On April 24, 2019, the Russian Federal Tax Service issued a legally non-binding guidance letter that has essentially “allowed” parallel use of the “old” rules on ESS in B2B transactions starting from January 1, 2019. Formally, relying on either the new regime or the approach expressed in the letter carries incremental risks for the business, including the 10% turnover fine for lack of required registration. Some Russian customers even refuse to acquire ESS from non-registered ESS vendors.

Overall, the new regime has brought greater disruption to business and is unlikely to have contributed to a better investment climate in Russia.

Many foreign business associations are now actively discussing the boundaries of the target regulation for B2B ESS with the Federal Tax Service. The regulator has tentatively agreed to carve out inter-company transactions from the regime. The key open issue on the agenda is whether the regulator will also agree to introduce a tax registration threshold based on a meaningful minimum number of Russian “business” customers of a particular vendor.

It remains to be seen how far the Russian government would be prepared to go in order to soften the unpopular ESS regime and at the same time ensure maximum VAT collection results for the budget (mainly with respect to transactions with Russian SMEs that might never be audited by the Russian tax authorities).

Nonresident IT/Software Companies May be Required to Open Representative Offices in Russia

In early February 2020, the Russian mass media was filled with news on the initiative by the lower chamber of the Russian parliament to develop measures aimed at “procurement of compliance of foreign IT companies with Russian legislation and their presence in Russia.” The draft law is expected to be published soon. It is as yet unclear which companies will be affected and whether a “virtual representative office” would suffice for the intended compliance (e.g., for receipt of official communications from the Russian regulatory authorities).

The implications of such initiative could be too far-reaching and may adversely affect nonresident IT companies doing business in Russia. The interplay with the Russian VAT regime on ESS is yet to be determined.

It is also possible that, from a Russian tax law perspective, existence of a local representative office could potentially facilitate collection of turnover fines for failure to tax register under the VAT regime on ESS.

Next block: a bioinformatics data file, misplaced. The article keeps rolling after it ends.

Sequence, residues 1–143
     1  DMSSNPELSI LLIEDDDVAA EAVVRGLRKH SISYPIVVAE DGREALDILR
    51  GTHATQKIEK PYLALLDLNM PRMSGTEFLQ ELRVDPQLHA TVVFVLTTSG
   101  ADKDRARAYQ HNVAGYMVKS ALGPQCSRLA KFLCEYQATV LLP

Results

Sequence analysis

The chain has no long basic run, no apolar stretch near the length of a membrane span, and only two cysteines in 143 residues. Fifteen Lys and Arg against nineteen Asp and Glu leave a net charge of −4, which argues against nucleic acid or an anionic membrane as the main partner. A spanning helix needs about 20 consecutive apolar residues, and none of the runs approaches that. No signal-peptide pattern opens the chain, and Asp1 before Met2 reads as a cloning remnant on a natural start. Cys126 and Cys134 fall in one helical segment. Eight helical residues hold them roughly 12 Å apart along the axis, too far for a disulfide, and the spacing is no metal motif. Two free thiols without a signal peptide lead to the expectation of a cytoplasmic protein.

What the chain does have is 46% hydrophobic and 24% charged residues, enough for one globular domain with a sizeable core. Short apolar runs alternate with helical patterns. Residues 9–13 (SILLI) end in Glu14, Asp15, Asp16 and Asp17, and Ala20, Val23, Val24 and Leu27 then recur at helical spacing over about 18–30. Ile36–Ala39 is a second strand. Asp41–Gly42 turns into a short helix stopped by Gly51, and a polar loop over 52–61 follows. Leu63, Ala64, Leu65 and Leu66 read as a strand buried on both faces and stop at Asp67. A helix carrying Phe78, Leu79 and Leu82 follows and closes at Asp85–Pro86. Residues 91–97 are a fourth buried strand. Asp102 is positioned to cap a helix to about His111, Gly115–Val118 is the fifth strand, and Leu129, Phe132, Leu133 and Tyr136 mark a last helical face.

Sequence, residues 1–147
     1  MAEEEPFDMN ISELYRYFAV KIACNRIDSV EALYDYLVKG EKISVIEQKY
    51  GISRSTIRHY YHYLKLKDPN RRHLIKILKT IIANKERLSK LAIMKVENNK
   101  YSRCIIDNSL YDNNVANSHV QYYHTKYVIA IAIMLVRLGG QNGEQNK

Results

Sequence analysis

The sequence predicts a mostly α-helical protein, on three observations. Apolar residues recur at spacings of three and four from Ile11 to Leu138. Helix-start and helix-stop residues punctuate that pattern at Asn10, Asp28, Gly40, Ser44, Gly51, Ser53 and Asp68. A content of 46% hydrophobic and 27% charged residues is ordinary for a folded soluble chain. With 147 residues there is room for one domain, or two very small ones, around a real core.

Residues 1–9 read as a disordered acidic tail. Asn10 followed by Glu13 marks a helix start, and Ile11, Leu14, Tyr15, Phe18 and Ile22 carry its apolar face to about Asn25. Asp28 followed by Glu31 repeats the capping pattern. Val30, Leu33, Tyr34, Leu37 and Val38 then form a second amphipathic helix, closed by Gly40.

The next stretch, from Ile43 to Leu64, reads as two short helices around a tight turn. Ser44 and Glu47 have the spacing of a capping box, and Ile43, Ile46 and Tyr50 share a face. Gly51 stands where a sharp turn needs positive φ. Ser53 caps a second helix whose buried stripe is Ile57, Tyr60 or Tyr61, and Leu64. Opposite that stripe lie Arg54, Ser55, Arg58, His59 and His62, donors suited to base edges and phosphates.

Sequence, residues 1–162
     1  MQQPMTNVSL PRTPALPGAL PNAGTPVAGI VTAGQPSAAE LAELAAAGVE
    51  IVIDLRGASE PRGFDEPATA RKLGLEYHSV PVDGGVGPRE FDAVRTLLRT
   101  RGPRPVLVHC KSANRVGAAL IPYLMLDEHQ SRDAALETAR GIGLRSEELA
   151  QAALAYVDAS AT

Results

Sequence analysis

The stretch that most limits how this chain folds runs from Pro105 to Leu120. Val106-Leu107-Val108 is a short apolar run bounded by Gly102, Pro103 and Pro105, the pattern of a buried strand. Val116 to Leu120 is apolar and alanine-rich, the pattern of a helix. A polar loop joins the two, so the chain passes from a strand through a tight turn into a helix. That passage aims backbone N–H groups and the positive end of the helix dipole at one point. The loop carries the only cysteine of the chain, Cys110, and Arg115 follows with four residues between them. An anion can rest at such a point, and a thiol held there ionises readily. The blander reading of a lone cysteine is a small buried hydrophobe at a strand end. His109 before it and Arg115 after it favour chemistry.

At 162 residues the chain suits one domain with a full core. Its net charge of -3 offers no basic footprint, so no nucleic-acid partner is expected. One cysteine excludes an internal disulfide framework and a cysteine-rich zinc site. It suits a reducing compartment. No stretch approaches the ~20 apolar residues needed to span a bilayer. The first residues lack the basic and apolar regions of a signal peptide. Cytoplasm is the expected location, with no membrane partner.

In the long run, such registration could also contribute to a greater nexus of nonresident enterprises with the Russian taxing jurisdiction, whether for the purposes of recognition of a digital permanent establishment or allocation of greater audit and taxing rights to Russia based on rules to be developed.

The impact of such initiative has to be carefully assessed among other factors for structuring purposes in Russia.

Place of Supply Rules for Cross-Border Service Transactions

Currently, the Russian place of supply rules for VAT purposes are not harmonized with those in the EU. Except for certain limited categories of services (including ESS, software development, IT consulting), the default place of supply of cross-border services is considered the jurisdiction of supplier’s residence.

This discrepancy produces multiple disputes between contracting parties on the Russian VAT treatment of cross-border services with an ESS element. The latter might not be separately priced, and it is often difficult to determine whether they should be considered auxiliary to other services and follow their place of supply. There is no clear threshold in the statutory rules or regulatory guidance. Case law is also limited on these matters, which creates a considerable level of uncertainty for businesses.

Harmonizing the place of supply rules with the EU VAT Directive could arguably resolve the issue of different treatment of ESS and non-ESS in mixed service contracts with Russian customers.

Recently, the Ministry of Finance of Russia announced that in its published tax policy for 2021–2023 it may revisit its place of supply rules based on the principle of the country of customer residence. Russia is an import-oriented jurisdiction, including with respect to services. Thus, overall, it will likely receive greater VAT revenues into its federal budget as a result of the potential changes.

However, the implications of such radical changes require careful assessment based on results of macroeconomic analysis and input from various government bodies and businesses. Special rules may need to be developed for some sectors of the economy, for example, financial, banking, SMEs, education and healthcare. Most market players in these segments are not considered VAT taxpayers: any extra non-recoverable VAT may lead to adverse consequences for such businesses.

Also, the target regulation needs to be harmonized with the supranational place of supply rules in the EAEU, which includes Russia, Kazakhstan, Kyrgyzstan, Armenia and Belarus. Recently, these rules have been adjusted to comply with the Russian VAT regime on B2B ESS.

Overall, any changes to the contractual model and pricing of cross-border services with Russian customers should be also double checked from the EAEU perspective.

Related Legislative Initiatives

Pending global consensus on OECD Pillar I, Russia is considering introducing a DST on top of the VAT on ESS; such a proposal has already been announced by the Finance Ministry in 2019. The likely parameters of the potential DST have not been disclosed, and so far, the Russian DST remains only a potential future development.

Russia is also paying close attention to the new EU rules on VAT taxation of offshore retailers and marketplaces with respect to cross-border online sales of tangible goods. While no relevant draft VAT legislation exists in Russia as yet, the Russian customs authorities are now testing an experimental regime allowing major foreign marketplaces to charge Russian customs duties on top of retail prices of goods. If the results of the experiment prove to be successful, this could expedite the adoption of EU-like VAT requirements to foreign retailers and marketplaces.

This column does not necessarily reflect the opinion of The Bureau of National Affairs, Inc. or its owners.

Arseny Seidov is a tax partner with Baker McKenzie in Moscow. He also leads the working group on taxation of e-commerce at the Association of European Businesses and a working group on taxation of the digital economy at the American Chamber of Commerce in Russia, where he is also a member of the board of directors.

The author may be contacted at